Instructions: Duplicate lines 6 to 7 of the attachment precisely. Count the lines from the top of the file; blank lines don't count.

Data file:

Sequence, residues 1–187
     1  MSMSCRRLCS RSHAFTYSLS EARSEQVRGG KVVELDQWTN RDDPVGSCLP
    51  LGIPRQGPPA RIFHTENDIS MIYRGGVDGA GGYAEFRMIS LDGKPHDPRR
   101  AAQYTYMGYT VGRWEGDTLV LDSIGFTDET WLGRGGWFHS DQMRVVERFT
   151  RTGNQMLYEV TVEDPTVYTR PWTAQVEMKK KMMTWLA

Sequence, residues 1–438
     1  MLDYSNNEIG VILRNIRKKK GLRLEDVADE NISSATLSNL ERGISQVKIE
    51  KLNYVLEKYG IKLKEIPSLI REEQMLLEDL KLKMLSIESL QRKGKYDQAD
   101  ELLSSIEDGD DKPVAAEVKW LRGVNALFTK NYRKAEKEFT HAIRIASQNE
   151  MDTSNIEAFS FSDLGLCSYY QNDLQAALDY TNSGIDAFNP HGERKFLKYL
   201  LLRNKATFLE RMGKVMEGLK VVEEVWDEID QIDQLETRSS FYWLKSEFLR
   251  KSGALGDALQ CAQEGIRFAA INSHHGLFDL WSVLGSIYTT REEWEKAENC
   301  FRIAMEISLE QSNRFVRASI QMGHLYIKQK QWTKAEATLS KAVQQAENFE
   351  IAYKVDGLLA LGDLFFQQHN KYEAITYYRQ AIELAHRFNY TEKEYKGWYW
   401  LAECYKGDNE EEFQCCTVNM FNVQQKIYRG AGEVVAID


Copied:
Sequence, residues 1–438
     1  MLDYSNNEIG VILRNIRKKK GLRLEDVADE NISSATLSNL ERGISQVKIE